Bobrovsky ‘still developing’ at 35, remains among NHL’s elite for Panthers


He used static holds for strength, the foundation of explosiveness and speed and power. He focused on slow and soft movements, where the goalie could feel his body in order to make it work better.

“If you just push, push, push, you have only one way to do it, the way you do it,” Karjalainen said. “But when you slow it down, take power out of there, then you can try new things, and also adjust your movements.

They talked every day, adjusting here and there, talking again. Karjalainen said, at the time, he counted the points of contacts between him and the goalie during a single month: 2,280.

“There were videos and messages flying back and forth,” he said. “That was a pretty hectic month.”

Without wanting to get too deep into specifics, Karjalainen said that they were particularly concerned with working on Bobrovsky’s core, on shoring up his physical center. He was already one of the fastest goalies at the time, something that Karjalainen challenged him to improve even more, making his lateral movements more efficient, which required better edgework, the last left to Nykvist’s skills.

“The whole movement skills, they needed to be better,” Karjalainen said. “The whole world of physics needed to be better, from toes to the neck, everything needed to be stronger. Of course, he’s very, very flexible. Then it needs more support, so it needs a certain type of power.

“For example, when you are stretching a lot, if you don’t have power, you are going to break yourself. So, the practices are more from the martial arts, we need to also be very flexible, but we need to be very strong also in the range of motion.”

That was just the beginning.

More and more, the parallels between martial arts and goaltending revealed themselves.

“The elements are so close,” Karjalainen said. “Because the speed of the game, the reaction, the game itself, there’s multiple opponents, they never do what you were thinking that they are doing, they are trying to trick you always. Something happens always that you are not expecting. And also the movement area, it is pretty small.

“The elements are more or less the same.”

It’s not just the physical where Karjalainen saw parallels. He saw it in the mental game, too, in the pressure that goalies face, that martial arts practitioners face. It all made sense to him.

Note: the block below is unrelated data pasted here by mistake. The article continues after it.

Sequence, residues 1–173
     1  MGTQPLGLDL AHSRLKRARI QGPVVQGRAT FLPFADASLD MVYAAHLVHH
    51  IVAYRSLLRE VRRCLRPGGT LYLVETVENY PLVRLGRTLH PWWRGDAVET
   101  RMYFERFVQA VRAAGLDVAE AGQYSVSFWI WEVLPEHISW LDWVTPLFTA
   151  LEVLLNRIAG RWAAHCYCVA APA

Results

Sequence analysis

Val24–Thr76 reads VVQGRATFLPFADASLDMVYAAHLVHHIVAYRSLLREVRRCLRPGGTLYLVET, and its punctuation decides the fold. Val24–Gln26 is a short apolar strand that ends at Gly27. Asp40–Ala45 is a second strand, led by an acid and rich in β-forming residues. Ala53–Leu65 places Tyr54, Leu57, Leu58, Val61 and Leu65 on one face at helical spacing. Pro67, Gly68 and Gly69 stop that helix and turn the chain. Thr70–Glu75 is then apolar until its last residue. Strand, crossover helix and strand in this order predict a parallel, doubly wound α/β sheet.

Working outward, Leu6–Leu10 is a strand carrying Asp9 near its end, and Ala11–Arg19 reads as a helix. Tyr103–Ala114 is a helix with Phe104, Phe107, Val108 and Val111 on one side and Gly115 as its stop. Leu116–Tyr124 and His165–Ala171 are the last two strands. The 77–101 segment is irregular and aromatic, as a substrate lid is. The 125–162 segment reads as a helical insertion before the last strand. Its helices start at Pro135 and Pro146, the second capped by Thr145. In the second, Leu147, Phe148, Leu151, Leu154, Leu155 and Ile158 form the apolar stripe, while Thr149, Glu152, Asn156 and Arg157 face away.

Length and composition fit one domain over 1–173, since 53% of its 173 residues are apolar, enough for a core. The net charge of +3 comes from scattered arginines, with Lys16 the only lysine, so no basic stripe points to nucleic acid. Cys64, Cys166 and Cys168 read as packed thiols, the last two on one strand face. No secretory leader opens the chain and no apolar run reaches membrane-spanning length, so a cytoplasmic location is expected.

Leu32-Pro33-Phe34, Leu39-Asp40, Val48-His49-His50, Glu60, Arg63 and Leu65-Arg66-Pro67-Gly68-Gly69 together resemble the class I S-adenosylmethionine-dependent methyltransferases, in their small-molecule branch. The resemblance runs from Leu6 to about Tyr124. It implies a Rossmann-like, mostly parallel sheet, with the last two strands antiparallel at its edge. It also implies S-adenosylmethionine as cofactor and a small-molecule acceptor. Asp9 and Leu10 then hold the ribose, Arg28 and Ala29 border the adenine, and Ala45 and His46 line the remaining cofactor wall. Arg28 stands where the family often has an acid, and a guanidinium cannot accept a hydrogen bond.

Very quickly, it made sense to Bobrovsky too. All that was left was to put it into practice.

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When Korpisalo was called up to the Blue Jackets in 2015-16, he was 21 years old. His introduction to the League was Bobrovsky.

“I remember getting a glimpse of what he does daily, that just blew me right off right there,” said Korpisalo, now with the Ottawa Senators. “Just, you thought you were a pro, but seeing him? It’s a completely different level.

“I got really early to the rink, always, and he was there every time before me.”

Bobrovsky used to work out relentlessly, with an extreme focus on cardio.

“I just used to train as hard as possible and as long as possible, but you have to understand that it’s not the way, it’s not the optimal way,” Bobrovsky said. “You can’t sustain that for a long time.”

To stay healthy and reach his goals, he needed to vary the way he trained, and strengthen different areas of his body and his game.

“Our sport is so complex,” he said. “You have to have good coordination, movement ability, biomechanics, cardio, the ice technique on the skates … it’s completely different, the body movements.”

Nykvist and Karjalainen were instrumental in his coming to that conclusion, but another person helped bring changes to the mental side, to how Bobrovsky looked at the game and his career: Carolina, his first child, born two years ago.

“When your daughter is born and you hold that fragile little human, very fragile and she’s not going to survive without you, priorities change, for sure,” Bobrovsky said.

“I feel like you have to understand that you are not only hockey player, you are just human being as well.”

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